Another innovative initiative of our programme is two- and three-headed tube wells that help to reduce women’s work burden as well as time required for water collection. One three-headed and nine two-headed tube wells have been installed so far. This type of tube well helps cover a large number of people by using the same safe aquifer. Women are using water from these tube wells for drinking, cooking, washing vegetables and utensils, etc. so it may be worth trying in more areas, since it increases the number of people who can take water at the same time.
The many foot soldiers of the BRAC WASH Programme
We know that only meeting the practical needs of women by providing facilities does not improve women’s condition if we do not develop their capacity in water management and decision-making processes, both at home and within the community. The BRAC WASH Programme has been looking into this issue since the beginning of the programme implementation.
Gender is generally associated with unequal power and access to choices and resources. Poor people have lower capacity to pay for water, sanitation and hygiene products and services, and lack the time for unpaid work and meetings. However, the different positions of women and men are influenced by historical, religious, economic and cultural realities. These relations and responsibilities can and do change over time. For this purpose, Village WASH Committees (VWCs) have been formed in each union, and they are the real foot soldiers of the programme.
Each VWC consists of six women and five men, all from different walks of life. Women and men from non-poor and hardcore poor families, as well as adolescents, represent the different age and socio-economic conditions. In this way, their problems can be identified and understood in order to meet their demands, which differ from one group to the next. The Village WASH Committee is responsible for allocating and managing WASH resources by identifying clients from poor and hardcore poor groups, selecting sites for community water sources, mobilising funds from local people and organisations to invest in the village’s sanitation, and identifying households to receive sanitation grants from BRAC and the government’s Annual Development Programme.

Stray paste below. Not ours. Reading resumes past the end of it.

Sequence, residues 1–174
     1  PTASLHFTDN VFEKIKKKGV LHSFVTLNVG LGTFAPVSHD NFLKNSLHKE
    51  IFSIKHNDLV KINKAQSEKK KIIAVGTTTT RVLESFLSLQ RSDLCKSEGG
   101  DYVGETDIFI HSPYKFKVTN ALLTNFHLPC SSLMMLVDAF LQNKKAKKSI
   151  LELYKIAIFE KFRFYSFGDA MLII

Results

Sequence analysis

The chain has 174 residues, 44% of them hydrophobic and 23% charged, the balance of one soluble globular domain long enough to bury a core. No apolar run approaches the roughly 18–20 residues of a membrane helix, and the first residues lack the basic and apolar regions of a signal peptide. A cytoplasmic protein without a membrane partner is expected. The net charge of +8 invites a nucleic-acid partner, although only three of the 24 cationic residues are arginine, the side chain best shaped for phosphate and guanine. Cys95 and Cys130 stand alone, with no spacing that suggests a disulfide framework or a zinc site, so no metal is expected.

VWCs also provide a platform for women to acquire leadership qualities and move up the ladder. Mrs. Mobasshera Akhter Rumi, secretary of the VWC from 2006 to 2011, received a three-day leadership training from BRAC, where she learned how to use social mapping, motivating people to improve hygiene practices, interacting with different types of people, etc. She used to dislike her husband’s political work, however, because of her work as VWC secretary, she was asked by the community to stand for local union elections. She surveyed her popularity among potential voters and when she found that she had a good reputation, she decided to stand. She is now an elected Union representative, and has even stayed on as an advisor to the VWC, something that BRAC supports to maintain good relations between VWCs and the local government.
BRAC WASH Programme started with an ambitious goal for improving and sustaining public health conditions by empowering the powerless, with the hope that the process will continue even if the programme ends in the future.